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Hillclimbing in a hierarchy of abstraction spaces

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LanguageTerm (authority = ISO 639-3:2007); (type = text)
English
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technical report
PhysicalDescription
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application/pdf
Extent
1 online resource (13 pages)
Note (type = special display note)
Technical report LCSR-TR-198
Name (type = corporate); (authority = RutgersOrg-School)
NamePart
School of Arts and Sciences (SAS) (New Brunswick)
Name (type = corporate); (authority = RutgersOrg-Department)
NamePart
Computer Science (New Brunswick)
TypeOfResource
Text
Name (type = personal)
NamePart (type = family)
Ellman
NamePart (type = given)
Thomas
Affiliation
Computer Science (New Brunswick)
Role
RoleTerm (type = text); (authority = marcrt)
author
Name (type = personal)
NamePart (type = family)
Patra
NamePart (type = given)
Saibal
Affiliation
Computer Science (New Brunswick)
Role
RoleTerm (type = text); (authority = marcrt)
author
TitleInfo
Title
Hillclimbing in a hierarchy of abstraction spaces
Abstract (type = abstract)
Hillclimbing search has been shown to be useful for solving constraint satisfaction problems that are too large to be attacked using backtracking search. Nevertheless, hillclimbing search can be computationally expensive when the length of each climb is long, or when many climbs are required due to the presence of local, but non-global optima. ``Hierarchic Hillclimbing'' (HHC) is an extension of ordinary ``Flat Hillclimbing'' that is designed to attack such difficulties. HHC carries out hillclimbing search in a hierarchy of abstraction spaces, starting with the most abstract and proceeding to the most concrete. HHC takes as input a description of the abstraction hierarchy, as well as an evaluation function for each abstraction level. The HHC algorithm has been implemented along with a program to synthesize the required abstraction hierarchies and evaluation functions. The synthesis program and the HHC algorithm have been tested in the domains of uniprocessor scheduling and two dimensional tile packing. Results show HHC to improve in two ways on ordinary hillclimbing without abstraction: HHC requires less computation time to complete a single climb. In addition, when the abstraction hierarchy is chosen with care HHC is more likely to find a solution on a single climb.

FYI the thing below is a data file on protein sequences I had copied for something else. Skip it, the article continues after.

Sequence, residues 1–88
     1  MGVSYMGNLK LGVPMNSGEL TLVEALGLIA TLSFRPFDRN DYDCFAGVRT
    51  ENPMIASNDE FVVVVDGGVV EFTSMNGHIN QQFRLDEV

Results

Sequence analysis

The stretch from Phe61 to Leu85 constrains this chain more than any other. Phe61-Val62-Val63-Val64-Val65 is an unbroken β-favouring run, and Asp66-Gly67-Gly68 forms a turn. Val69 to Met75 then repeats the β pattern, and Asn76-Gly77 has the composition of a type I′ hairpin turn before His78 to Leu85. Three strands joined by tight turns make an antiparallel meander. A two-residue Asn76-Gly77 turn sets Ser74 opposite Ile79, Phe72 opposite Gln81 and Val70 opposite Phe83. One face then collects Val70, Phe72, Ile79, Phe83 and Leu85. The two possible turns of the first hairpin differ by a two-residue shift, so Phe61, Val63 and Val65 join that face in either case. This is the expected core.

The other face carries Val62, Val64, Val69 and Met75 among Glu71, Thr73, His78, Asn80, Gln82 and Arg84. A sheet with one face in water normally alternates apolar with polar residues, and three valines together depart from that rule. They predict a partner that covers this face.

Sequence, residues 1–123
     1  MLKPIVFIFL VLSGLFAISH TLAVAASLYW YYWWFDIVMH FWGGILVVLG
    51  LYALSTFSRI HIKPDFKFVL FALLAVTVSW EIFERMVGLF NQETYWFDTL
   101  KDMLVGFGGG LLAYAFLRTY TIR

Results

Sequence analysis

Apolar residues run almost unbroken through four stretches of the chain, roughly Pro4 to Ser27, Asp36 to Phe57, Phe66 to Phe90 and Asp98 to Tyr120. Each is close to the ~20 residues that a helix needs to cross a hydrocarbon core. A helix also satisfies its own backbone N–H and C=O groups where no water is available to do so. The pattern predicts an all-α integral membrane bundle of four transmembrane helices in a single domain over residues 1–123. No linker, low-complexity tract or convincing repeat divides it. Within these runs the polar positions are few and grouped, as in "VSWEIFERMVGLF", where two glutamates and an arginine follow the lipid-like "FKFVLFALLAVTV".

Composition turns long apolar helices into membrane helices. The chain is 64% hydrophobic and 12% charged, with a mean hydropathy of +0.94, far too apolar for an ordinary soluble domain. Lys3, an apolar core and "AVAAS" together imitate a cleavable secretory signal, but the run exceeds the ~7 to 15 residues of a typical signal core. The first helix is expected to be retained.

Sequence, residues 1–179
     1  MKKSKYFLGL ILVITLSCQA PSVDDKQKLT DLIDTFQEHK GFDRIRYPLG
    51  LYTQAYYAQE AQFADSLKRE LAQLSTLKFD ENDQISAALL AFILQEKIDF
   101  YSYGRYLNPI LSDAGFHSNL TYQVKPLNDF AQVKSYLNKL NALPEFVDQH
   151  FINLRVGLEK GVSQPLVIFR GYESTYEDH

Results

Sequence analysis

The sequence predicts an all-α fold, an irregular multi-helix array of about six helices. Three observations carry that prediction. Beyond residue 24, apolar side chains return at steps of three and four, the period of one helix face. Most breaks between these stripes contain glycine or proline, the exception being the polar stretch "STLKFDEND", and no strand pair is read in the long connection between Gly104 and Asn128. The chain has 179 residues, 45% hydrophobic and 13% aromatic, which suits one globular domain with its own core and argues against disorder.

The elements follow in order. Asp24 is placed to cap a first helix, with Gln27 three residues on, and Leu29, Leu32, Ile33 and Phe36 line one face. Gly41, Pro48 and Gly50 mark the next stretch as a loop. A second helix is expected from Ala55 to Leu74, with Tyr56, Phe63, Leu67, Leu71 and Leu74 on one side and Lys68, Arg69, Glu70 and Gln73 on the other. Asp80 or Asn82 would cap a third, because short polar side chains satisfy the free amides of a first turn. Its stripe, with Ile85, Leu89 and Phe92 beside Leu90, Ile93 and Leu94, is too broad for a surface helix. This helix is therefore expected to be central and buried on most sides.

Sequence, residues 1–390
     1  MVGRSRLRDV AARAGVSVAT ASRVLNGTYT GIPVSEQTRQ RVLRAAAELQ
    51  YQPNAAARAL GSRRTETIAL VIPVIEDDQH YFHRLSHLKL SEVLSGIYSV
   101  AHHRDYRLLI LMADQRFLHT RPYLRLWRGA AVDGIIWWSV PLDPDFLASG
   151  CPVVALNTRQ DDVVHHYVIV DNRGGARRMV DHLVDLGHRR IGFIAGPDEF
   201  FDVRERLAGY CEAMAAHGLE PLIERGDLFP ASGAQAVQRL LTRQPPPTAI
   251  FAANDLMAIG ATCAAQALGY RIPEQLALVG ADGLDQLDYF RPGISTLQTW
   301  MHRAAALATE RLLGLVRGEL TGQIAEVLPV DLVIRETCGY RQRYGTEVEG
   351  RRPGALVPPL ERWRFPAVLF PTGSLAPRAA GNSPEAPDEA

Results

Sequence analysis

OriginInfo
DateCreated (encoding = w3cdtf); (qualifier = exact); (keyDate = yes)
1994-02
RelatedItem (type = host)
TitleInfo
Title
Computer Science (New Brunswick)
Identifier (type = local)
rucore21032500001
Location
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NjNbRU
Identifier (type = doi)
doi:10.7282/t3-0rht-zs14
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This Item is protected by copyright and/or related rights.You are free to use this Item in any way that is permitted by the copyright and related rights legislation that applies to your use.For other uses you need to obtain permission from the rights-holder(s).
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Copyright protected
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Open
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Permission or license
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Technical

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Document
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1.4
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GPL Ghostscript 9.07
DateCreated (point = start); (encoding = w3cdtf); (qualifier = exact)
2018-06-06T12:36:41
DateCreated (point = start); (encoding = w3cdtf); (qualifier = exact)
2018-06-06T12:36:41
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